Graduate Thesis Or Dissertation


Elucidating the Signaling Events Downstream of Aryl Hydrocarbon Receptor Activation in Zebrafish Public Deposited

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  • All animals have developed the critical ability to detect, respond to, and detoxify a large array of environmental chemicals and stressors that can cause adverse health effects. Important examples of landmark contaminants around the world are polycyclic aromatic hydrocarbons (PAHs) and dioxins, both of which can act via the aryl hydrocarbon receptor (AHR), a protein receptor and ligand activated transcription factor. The AHR is conserved across multiple phyla, is required for proper development, and mediates the adverse developmental effects of several PAHs across vertebrates, including humans. While a plethora of research has been conducted investigating PAH toxicity, significant challenges still persist around our lack of understanding of the diversity in toxicity mechanisms, especially due to our narrow focus on select PAHs and few biomarkers. Our knowledge of AHR-regulated mechanisms of PAH toxicity is still in its infancy. The zebrafish (Danio rerio) is an established model organism in toxicological and biomedical sciences that is well-suited for investigating AHR-regulated biological processes, especially due to the presence of a functional ortholog (AHR2) of the mammalian AHR. To this end, the overall objective of my dissertation is to leverage the zebrafish model to characterize and classify PAHs, and further our understanding of the downstream signaling events upon AHR activation. To achieve this, I first compiled a comprehensive review (Chapter 2) spanning twenty years of AHR research in zebrafish. The review demonstrates the magnitude of research that has been conducted navigating the complexity of AHR signaling as it relates to zebrafish exposure to PAHs and other xenobiotic AHR ligands, such as 2,3,7,8-Tetrachlorodibenzodioxin (TCDD). The chapter identifies significant knowledge gaps such as our lack of understanding of how different PAHs differentially alter the AHR signaling cascade and AHR’s crosstalk with other signaling pathways. To answer these questions, I conducted two studies (Chapters 3 and 4) that leveraged large compendiums of RNA sequencing data collected from developing zebrafish exposed to a diverse array of chemicals. Chapter 3 compares 16 individual PAHs and couples transcriptomic and developmental toxicity data to both characterize and classify PAHs. Using the Context Likelihood of Relatedness algorithm, I identified two major groups of PAHs, one being more developmentally toxic, predominantly activating AHR2, and leading to transcriptional profiles that had both similarities and differences. One important finding was that the expression of cyp1a (an AHR-dependent phase I metabolic enzyme commonly used as a biomarker for AHR activation) was more indicative of transcriptional profiles and not developmental toxicity phenotypes, suggesting the need for additional biomarkers that can better predict toxicity outcomes. Chapter 3 leverages a novel gene co-expression approach in zebrafish to compare and contrast PAHs and TCDD (AHR2 Activators), along with a large array of diverse flame retardant chemicals (FRCs). I found that the AHR2 Activators and FRCs localized to distinct regions of the network, with the FRCs associated with broad neurobehavioral and vascular developmental processes. On the contrary, the AHR2 Activators localized to one region of the network that was primarily associated with chemical metabolism processes. Guided by the network, I identified several new members of the AHR2 signaling pathway that should be investigated in future research. Both Chapters 3 and 4 leveraged co-expression analyses to narrow down on several potentially important candidates for biomarkers of PAH exposure. In Chapter 5, I investigate one such AHR-regulated gene, wfikkn1 (WAP, Follistatin/Kazal, Immunoglobulin, Kunitz And Netrin Domain Containing 1). I found that the expression of wfikkn1 was AHR2-dependent in developing zebrafish exposed to TCDD. Using a combination of CRISPR-Cas9 to generate a mutant zebrafish line, and transcriptomic, proteomic, and high-throughput neurobehavioral assays, I discovered that this AHR2-regulated gene has potentially important roles in muscle developmental processes. Upon exposure to TCDD, wfikkn1 mutant zebrafish had a significantly altered transcriptome and larval neurobehavioral processes compared to wildtype zebrafish, suggestive of its additional role in AHR-regulated neurodevelopment. These data also highlight potential crosstalk between AHR and other signaling pathways such as Estrogen Receptor signaling via wfikkn1, which should be investigated in future studies. Overall, within this dissertation, I leveraged the advantages of the zebrafish model organism to characterize and classify PAHs by their transcriptomic and developmental toxicity responses. I also investigated the functional role of a novel AHR-dependent gene that might contribute to AHR-regulated toxicity responses. Increasing our knowledge of biological processes and mechanisms associated with AHR activation can help us better understand how PAHs cause toxicity, which will lead to more guided risk assessment measures and opportunities for susceptibility research.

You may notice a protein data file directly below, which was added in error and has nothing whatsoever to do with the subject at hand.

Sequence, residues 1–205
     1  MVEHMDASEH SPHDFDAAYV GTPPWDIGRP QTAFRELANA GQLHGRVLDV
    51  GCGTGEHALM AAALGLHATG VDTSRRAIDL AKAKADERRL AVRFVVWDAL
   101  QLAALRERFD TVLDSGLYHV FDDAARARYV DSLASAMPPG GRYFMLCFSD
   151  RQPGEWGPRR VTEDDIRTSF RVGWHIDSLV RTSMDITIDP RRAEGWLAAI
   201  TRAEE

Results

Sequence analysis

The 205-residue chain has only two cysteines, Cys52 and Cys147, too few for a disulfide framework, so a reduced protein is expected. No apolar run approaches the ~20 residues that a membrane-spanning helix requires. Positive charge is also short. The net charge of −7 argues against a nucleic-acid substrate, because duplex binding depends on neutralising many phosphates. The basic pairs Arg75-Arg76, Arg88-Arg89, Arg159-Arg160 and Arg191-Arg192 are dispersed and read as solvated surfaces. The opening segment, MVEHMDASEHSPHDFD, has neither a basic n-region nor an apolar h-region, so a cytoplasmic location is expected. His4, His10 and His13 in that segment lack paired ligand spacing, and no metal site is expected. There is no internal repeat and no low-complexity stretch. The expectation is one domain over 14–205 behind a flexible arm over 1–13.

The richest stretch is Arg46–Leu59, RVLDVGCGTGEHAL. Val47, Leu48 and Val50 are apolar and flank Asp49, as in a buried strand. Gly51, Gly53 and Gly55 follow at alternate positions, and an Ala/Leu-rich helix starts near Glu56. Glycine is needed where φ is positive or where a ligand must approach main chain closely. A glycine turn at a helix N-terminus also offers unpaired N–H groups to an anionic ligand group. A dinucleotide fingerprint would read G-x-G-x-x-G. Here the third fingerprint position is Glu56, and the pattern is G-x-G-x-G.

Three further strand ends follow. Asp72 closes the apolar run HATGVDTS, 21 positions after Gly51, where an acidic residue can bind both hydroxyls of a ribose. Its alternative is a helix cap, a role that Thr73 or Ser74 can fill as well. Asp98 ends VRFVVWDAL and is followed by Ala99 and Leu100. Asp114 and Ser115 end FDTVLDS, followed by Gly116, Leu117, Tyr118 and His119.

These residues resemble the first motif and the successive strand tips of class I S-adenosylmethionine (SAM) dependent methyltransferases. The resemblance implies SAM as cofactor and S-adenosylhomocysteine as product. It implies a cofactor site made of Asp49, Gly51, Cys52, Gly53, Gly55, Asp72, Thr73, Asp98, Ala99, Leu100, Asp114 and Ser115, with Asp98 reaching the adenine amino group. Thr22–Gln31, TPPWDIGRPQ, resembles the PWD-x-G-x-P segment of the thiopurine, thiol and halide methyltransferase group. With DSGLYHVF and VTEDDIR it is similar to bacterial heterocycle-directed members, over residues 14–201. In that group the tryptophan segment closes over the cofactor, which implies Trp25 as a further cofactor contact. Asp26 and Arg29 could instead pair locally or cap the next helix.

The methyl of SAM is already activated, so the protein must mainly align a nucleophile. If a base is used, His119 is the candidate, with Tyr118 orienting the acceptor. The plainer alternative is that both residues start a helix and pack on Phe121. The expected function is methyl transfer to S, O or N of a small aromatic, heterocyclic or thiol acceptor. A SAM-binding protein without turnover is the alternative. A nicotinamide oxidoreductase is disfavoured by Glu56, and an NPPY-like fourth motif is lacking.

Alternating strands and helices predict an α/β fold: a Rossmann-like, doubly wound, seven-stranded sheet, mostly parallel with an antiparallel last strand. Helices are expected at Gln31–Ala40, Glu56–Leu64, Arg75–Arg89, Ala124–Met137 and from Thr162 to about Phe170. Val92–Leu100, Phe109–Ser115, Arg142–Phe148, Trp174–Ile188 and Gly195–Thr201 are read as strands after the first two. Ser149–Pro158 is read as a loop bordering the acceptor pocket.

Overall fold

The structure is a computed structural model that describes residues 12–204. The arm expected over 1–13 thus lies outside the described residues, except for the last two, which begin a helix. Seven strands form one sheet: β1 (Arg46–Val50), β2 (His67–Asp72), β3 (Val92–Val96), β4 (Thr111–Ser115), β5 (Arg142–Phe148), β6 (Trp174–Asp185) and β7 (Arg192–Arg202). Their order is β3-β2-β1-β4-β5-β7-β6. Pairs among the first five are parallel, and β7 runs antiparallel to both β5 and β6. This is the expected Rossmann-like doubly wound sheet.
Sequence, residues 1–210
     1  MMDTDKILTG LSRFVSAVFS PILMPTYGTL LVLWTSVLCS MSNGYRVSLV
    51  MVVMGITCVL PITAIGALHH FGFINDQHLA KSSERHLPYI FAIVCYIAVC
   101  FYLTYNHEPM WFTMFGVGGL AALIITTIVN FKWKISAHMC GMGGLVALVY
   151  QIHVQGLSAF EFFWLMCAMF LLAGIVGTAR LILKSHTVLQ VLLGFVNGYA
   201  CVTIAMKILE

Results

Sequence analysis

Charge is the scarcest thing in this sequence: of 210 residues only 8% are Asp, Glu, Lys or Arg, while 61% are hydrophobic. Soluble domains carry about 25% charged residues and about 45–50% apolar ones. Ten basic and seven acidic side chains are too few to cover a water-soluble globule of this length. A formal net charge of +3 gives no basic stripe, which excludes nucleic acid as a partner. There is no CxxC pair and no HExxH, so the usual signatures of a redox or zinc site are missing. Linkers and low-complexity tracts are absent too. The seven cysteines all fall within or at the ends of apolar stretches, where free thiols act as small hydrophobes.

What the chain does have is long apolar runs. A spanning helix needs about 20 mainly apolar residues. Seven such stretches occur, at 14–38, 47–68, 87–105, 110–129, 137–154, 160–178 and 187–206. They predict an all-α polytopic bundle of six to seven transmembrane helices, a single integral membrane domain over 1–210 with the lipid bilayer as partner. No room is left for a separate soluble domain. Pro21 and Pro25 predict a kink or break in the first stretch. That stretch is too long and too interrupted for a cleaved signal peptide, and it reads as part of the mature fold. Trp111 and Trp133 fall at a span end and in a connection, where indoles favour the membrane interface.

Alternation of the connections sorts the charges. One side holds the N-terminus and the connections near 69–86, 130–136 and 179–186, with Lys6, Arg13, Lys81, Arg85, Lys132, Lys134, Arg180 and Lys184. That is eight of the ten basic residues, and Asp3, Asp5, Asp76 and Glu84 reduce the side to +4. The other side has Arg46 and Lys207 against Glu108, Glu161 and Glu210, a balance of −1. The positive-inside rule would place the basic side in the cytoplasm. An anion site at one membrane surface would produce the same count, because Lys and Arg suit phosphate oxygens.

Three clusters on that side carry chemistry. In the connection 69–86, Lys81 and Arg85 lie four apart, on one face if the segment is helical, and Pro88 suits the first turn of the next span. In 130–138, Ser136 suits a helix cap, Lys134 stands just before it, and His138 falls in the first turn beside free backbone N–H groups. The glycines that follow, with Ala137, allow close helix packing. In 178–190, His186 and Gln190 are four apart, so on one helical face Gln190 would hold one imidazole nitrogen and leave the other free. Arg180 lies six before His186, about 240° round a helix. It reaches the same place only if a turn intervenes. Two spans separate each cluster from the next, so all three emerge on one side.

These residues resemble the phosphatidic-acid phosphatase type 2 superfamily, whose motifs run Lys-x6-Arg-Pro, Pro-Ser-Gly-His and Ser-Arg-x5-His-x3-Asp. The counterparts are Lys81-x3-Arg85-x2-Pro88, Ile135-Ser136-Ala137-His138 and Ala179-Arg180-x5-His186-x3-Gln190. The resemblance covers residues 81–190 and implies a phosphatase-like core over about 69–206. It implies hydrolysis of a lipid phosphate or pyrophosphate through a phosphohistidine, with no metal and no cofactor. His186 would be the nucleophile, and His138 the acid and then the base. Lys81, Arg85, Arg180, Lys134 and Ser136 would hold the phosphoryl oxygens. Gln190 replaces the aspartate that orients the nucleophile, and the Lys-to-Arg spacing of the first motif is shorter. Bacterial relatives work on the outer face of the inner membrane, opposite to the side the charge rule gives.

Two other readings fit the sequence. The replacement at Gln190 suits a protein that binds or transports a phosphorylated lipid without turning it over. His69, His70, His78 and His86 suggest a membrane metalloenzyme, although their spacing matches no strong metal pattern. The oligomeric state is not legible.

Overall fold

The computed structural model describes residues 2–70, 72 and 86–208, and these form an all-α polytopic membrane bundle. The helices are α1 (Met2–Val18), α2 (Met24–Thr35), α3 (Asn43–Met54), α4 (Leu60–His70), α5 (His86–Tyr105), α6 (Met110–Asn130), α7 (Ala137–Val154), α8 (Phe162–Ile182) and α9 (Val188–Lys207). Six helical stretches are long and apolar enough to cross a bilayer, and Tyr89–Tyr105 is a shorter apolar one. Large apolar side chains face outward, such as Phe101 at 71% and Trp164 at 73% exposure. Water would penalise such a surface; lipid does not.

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  • We would like to acknowledge the National Institute of Health (NIH) and National Institute of Environmental Health Sciences (NIEHS) for providing funding to complete the work in this dissertation.
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